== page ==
Agenda item

Agenda item

Annual Air Quality Status Report

Cllr Tom Hayes, Cabinet Member for Green Transport & Zero Carbon Oxford; Mish Tullar, Head of Corporate Strategy; Amanda Ford, Environmental Quality Team Manager; and Pedro Abreu, Air Quality Officer have been invited to attend for this item.

Consideration by the Committee in October 2020 of the previous annual report did not conclude with any recommendations to Cabinet.


Pedro Abreu, Air Quality Officer, introduced the annual report which  fulfilled a statutory duty and provided an overview of all monitoring data for the year and an update in relation to the  air quality actions set out in the Council’s Air Quality Action Plan 2021-2025. 

The previous year had been atypical given the consequences of Covid and significantly reduced traffic volumes. As a result of this, for the first time since air quality monitoring started in Oxford, there were significant reductions in air pollution levels and the city had been compliant with all short and long term UK air quality objectives. The highest annual mean however continued to be in St Clements.

The Committee noted the importance of being able to monitor the consequences of the introduction of LTNs on air pollution, particularly where traffic had been displaced as a result. The Air Quality Officer said that working in partnership with the County Council, air quality was being measured at an additional 16 sites to capture the consequences of LTNs. In discussion it was noted that while measuring values within an LTN was likely to  be directly attributable to the LTN, measuring those outside it might well be the consequence of other unrelated traffic flow considerations. A detailed briefing on air quality for all Councillors would take place the following day.

Live, accessible,  reporting a of air quality  was agreed to be of potentially great benefit for the city’s residents and might usefully extend to the provision of real time alerts. It was a source of regret that there were only three live monitoring points in the city. The Air Quality Officer confirmed the intention to make the live data available in due course - as part of the development of a new air quality website for Oxfordshire, a joint project that is being delivered by Oxford City Council together with the other District Councilss. He noted however that the number of live reporting instruments was constrained by their considerable expense and other costs associated with their use. While a considerable number of air monitoring devices were commercially  available, not all were reliable. Monitoring for the purposes of the statutory return necessitated the  consistent use of devices of a recognised quality to ensure valid and comparable data over time. Data from the city’s 71 diffusion tubes -provide monthly means, which are then aggregated into an annual mean for comparison against the NO2 air quality mean limit value.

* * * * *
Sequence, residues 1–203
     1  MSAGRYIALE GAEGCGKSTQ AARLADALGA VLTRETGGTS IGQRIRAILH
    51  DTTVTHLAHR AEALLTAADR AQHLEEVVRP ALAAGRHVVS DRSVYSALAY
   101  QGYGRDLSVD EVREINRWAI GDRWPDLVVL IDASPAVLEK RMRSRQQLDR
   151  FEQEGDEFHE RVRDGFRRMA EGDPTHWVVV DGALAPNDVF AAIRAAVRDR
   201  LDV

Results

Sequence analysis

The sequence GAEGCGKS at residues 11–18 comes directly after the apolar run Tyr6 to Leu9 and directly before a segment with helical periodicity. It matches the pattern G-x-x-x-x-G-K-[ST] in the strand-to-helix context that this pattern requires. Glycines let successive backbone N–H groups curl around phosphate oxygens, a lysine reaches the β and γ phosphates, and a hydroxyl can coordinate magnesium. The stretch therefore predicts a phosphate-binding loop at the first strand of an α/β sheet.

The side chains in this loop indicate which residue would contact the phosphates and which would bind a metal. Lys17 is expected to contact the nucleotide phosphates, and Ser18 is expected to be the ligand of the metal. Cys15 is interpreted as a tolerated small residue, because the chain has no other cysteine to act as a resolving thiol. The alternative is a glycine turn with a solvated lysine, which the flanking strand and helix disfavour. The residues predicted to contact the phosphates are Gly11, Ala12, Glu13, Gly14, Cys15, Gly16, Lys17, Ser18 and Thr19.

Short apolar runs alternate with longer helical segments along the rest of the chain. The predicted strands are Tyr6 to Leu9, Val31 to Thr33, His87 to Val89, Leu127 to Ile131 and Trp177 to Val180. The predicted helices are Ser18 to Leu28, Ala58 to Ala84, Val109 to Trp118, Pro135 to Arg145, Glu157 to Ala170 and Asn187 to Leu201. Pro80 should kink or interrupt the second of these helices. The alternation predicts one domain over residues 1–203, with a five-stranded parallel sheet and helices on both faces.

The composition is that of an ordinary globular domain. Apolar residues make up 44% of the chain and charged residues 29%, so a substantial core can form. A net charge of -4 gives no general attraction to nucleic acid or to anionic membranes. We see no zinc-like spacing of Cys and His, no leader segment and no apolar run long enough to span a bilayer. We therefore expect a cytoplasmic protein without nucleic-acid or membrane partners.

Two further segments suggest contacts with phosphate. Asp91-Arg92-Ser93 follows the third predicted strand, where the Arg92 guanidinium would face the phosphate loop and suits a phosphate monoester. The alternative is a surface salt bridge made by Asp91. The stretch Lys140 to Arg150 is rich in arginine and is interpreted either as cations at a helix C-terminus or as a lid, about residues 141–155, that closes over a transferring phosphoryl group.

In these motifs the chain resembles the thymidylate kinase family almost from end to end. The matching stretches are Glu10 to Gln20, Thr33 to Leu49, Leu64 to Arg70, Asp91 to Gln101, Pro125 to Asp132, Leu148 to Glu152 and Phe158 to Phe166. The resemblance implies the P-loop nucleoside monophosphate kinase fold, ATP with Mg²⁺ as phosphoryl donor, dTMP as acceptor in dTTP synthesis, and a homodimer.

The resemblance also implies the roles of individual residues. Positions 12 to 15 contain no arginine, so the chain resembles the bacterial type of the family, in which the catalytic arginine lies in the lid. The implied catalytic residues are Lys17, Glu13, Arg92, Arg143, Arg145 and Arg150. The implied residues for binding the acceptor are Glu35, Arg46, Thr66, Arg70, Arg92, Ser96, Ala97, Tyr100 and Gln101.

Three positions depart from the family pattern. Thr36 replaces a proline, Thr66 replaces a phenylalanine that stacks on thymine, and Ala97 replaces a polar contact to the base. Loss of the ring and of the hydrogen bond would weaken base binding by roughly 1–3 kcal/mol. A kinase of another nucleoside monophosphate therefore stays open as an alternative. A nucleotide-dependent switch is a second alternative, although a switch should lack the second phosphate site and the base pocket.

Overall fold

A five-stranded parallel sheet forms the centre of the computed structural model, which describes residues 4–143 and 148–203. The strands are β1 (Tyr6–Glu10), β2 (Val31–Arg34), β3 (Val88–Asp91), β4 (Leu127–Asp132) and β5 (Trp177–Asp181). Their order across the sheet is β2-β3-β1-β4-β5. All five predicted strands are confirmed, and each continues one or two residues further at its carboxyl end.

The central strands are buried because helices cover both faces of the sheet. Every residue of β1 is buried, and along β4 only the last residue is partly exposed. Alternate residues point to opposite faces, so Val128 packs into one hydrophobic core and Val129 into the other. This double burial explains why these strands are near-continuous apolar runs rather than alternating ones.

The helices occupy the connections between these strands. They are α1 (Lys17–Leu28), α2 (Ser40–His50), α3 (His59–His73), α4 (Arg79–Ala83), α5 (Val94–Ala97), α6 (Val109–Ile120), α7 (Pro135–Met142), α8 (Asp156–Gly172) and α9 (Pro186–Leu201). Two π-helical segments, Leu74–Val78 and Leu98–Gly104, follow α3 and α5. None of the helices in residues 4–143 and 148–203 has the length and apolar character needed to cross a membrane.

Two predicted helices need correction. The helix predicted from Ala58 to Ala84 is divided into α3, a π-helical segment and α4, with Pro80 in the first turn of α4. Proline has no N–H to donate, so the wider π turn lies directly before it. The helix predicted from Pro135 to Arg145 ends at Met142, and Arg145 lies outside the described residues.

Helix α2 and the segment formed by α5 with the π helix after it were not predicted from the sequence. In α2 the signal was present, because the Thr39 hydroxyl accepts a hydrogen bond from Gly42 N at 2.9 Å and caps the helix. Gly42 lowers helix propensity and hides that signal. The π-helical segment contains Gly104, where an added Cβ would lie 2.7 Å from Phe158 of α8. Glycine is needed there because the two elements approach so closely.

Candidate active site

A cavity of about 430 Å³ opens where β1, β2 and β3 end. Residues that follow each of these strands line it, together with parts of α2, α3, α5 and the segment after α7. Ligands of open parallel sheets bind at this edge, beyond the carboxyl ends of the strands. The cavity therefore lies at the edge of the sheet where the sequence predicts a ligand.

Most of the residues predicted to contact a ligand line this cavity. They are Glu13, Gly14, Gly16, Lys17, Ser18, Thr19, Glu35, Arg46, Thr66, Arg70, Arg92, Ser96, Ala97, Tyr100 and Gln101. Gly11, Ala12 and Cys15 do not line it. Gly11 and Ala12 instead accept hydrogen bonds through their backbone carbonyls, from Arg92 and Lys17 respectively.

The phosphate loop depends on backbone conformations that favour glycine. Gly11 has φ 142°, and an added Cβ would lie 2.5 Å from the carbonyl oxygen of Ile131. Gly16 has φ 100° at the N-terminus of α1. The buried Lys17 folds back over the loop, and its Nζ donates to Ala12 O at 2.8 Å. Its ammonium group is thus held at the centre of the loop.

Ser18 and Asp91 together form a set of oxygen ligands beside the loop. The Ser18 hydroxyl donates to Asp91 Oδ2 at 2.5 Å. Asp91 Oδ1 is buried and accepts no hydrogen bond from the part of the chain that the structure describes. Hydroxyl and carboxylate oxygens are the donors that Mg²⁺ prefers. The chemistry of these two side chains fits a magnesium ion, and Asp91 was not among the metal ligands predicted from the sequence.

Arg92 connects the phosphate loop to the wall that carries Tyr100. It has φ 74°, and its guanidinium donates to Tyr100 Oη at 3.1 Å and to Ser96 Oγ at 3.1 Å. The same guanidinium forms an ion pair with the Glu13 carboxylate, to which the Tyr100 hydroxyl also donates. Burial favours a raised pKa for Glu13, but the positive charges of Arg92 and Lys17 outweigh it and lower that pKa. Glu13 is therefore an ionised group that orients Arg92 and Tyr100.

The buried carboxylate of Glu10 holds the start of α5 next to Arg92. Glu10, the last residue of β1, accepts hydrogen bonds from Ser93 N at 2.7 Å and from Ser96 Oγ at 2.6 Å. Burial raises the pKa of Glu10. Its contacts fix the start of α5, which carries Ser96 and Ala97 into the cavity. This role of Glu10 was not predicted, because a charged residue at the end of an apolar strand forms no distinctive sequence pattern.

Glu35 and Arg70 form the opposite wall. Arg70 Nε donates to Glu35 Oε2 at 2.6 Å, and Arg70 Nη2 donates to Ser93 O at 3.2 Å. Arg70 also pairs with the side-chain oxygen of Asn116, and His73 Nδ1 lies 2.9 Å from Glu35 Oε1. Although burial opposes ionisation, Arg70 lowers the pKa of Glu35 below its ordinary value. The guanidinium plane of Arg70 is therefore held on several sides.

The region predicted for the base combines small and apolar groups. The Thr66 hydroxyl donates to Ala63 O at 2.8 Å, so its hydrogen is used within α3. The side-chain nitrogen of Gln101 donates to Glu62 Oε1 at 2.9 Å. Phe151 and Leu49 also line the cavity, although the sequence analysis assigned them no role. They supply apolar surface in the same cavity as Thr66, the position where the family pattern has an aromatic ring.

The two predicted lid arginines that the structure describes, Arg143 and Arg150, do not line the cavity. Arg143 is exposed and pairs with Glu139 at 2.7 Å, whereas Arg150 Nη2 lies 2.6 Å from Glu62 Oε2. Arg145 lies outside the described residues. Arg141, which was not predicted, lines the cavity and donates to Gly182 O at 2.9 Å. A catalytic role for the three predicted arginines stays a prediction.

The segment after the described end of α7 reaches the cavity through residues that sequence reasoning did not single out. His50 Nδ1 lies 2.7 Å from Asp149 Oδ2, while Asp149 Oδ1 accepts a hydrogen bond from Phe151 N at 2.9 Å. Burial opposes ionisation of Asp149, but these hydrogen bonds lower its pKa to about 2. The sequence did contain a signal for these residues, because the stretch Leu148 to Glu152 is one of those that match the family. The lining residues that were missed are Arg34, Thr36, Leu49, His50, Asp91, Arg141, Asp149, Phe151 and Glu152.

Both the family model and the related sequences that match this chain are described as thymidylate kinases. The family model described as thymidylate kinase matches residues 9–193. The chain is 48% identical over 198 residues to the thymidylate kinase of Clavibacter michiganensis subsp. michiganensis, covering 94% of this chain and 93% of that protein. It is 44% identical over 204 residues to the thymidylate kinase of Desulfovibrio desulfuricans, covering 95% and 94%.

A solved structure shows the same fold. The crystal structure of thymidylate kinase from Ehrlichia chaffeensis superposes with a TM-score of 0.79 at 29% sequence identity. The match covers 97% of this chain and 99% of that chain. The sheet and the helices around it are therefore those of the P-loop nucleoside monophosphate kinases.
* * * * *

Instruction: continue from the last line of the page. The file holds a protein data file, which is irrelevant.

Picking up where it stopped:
Concerns about the use of wood burning stoves would be addressed by information programmes to draw attention to the impact of their use and advice about best practice in relation to their use.

Given the role of the County Council as highways authority, the importance of a close working relationship with it was recognised and the Air Quality Officer confirmed that there was close co-operation in relation to analysing the consequences of LTNs. He noted that at least 9 months of continuous monitoring were needed before any firm conclusions could be drawn.  The Committee noted that meaningful conclusions would need to be informed by traffic monitoring by the County and clarity, for example,  of whether journeys were  directly attributable to the introduction of an LTN or something else. 

Given the significance of both universities as employers in the City  (and as the ‘home’ of thousands of students), the council might  offer advice to inform their strategic plans in relation to matters of air quality.  

It would be helpful if any educational graphics prepared about matters to do with air quality could be distributed as a matter of course to all Councillors and community groups.

The Committee agreed to recommend to Cabinet that Council:

·         Reviews the location of its air quality monitoring equipment to support the monitoring of roads where there is the possibility of displacement traffic generated by LTNs, particularly around Hollow Way and the junction with Crescent Road,  that the Council makes publicly available the findings as soon as possible when the Cowley, Headington and East Oxford LTNs are concluded, and that the information is also passed on to County Council colleagues;

·         Builds a function into the new community Air Quality website to enable members of the public to subscribe to real time air quality alerts;

·         Makes available to all Councillors all educational graphics developed by the Air Quality Team for further sharing with community organisations;

·         Seeks to work with the County Council to ensure that sufficient concurrent data is collected and shared to enable contextualised analysis of the impacts of LTNs, with particular regard to identifying whether a displacement effect is evident; and

·         Works with the Oxfordshire Strategic Partnership to engage major local employers in conversations with the Council about how they can incorporate air-quality positive measures into their strategic plans.



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